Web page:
> Indeed, if this were
> possible, that the statement "x1 is tall" could change truth values with
> time though x1 did not change at all, simply by something else becoming
> taller.

If you expand "x1 is tall" into its implied meaning, you can see that the
truth value remains constant.

Archeological evidence that people are taller now than they used to be.
If I am reading the wall of an Egyptian tomb, and the writing describes
the person buried there as "tall", I can then go and measure the mummy
and compare.  Even if the mummy is much taller than other similar
mummies, chances are, the mummy (after accounting for shrinkage over
time) is not going to seem tall to modern standards.  So, has the writing
on the wall changed its truth value?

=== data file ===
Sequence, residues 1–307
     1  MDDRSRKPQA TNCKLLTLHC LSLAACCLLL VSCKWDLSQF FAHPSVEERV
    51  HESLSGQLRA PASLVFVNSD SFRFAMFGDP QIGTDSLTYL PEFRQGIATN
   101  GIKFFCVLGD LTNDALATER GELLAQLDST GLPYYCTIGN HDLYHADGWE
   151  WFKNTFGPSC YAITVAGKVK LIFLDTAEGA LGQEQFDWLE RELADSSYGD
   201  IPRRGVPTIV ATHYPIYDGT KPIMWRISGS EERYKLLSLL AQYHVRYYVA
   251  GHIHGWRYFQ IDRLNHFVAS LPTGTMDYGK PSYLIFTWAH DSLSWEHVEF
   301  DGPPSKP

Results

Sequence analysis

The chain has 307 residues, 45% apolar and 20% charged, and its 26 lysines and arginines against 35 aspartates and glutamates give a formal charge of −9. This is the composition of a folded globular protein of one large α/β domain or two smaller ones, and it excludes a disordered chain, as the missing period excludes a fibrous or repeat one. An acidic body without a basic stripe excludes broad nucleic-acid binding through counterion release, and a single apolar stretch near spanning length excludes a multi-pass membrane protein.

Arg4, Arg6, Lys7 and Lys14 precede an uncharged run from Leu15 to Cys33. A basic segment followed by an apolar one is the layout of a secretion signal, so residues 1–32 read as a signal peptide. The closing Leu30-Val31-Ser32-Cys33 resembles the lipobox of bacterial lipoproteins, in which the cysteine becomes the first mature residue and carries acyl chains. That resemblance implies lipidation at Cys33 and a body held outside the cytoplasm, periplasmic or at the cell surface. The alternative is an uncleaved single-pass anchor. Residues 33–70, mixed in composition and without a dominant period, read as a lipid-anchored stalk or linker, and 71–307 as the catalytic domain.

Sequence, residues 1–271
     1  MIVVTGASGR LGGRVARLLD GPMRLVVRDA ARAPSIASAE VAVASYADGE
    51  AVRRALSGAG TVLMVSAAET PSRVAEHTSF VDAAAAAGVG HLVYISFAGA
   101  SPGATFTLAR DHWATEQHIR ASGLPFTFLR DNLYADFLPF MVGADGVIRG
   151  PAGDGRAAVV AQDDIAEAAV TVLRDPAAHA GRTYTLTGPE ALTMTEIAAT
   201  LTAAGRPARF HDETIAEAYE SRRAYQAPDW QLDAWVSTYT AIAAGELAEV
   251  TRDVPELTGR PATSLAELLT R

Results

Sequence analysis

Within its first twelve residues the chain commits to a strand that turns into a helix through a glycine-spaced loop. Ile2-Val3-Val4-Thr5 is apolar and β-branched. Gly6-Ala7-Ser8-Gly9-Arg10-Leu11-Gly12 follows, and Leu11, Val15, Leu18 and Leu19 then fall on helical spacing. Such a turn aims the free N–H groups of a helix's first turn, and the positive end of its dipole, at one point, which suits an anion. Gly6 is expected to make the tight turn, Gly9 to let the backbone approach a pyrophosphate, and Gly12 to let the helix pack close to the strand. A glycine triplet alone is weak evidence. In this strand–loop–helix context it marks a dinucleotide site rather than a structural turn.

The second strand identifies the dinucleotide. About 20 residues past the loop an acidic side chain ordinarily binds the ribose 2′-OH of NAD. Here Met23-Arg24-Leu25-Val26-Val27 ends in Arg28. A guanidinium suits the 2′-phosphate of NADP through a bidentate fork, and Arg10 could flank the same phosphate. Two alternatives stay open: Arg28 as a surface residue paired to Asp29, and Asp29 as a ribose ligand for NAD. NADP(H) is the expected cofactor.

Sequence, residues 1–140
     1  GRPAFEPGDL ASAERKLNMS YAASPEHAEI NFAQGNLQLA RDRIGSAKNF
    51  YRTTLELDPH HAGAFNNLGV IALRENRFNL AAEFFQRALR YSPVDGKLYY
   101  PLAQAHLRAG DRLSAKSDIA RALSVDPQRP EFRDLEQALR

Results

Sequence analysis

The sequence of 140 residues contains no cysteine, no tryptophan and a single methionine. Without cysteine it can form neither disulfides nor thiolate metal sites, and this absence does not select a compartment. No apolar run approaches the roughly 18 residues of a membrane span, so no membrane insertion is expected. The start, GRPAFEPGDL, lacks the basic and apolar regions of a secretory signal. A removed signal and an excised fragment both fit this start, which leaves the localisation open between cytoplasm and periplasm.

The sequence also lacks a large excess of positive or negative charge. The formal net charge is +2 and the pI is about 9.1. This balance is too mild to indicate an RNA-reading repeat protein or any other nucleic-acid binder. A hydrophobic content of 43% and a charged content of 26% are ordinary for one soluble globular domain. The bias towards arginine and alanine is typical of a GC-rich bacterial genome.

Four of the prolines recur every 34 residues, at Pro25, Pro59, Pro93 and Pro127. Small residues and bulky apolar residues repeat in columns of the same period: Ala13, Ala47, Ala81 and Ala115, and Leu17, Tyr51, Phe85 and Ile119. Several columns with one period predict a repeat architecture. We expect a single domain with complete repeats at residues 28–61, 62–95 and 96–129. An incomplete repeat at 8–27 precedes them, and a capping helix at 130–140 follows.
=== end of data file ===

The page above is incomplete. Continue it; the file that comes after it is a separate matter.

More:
The answer is no, because the assertion "X is tall" means "X is judged as
tall by a set of criteria."  If X is *still* tall according to those
criteria, then the statement is true.

> It is possible to define tallness as compared to something smaller.  But
> I dare say that unless there is agreement as to what the reference is,
> then it will be hard to get any consistency in values.

Which is why it is a mistake to use "tall" as a way of communicating
objective information about height.  That is why systems of measurement
were created in the first place!  You are right, that there must be
agreement as to what the reference is.  That's why we create references,
such as sticks with incremental marks on them and standard weights for
callibrating scales.

> Is my 9 year-old
> daughter tall?  She is 4'7 (140cm) - already fast approaching Nora's 5'2
> (158cm) even though still a couple of years from puberty.  In some
> contexts - against other 9 year olds - she is a bit taller than average,
> but not exceptional.  When Nora is thinking of her in terms of her
> imagining a grown Angela, Nora's relatively short height makes Angela
> subjectively taller for her when other girls are NOT present as when
> they are.  But when Angela wants to reach something on a high shelf,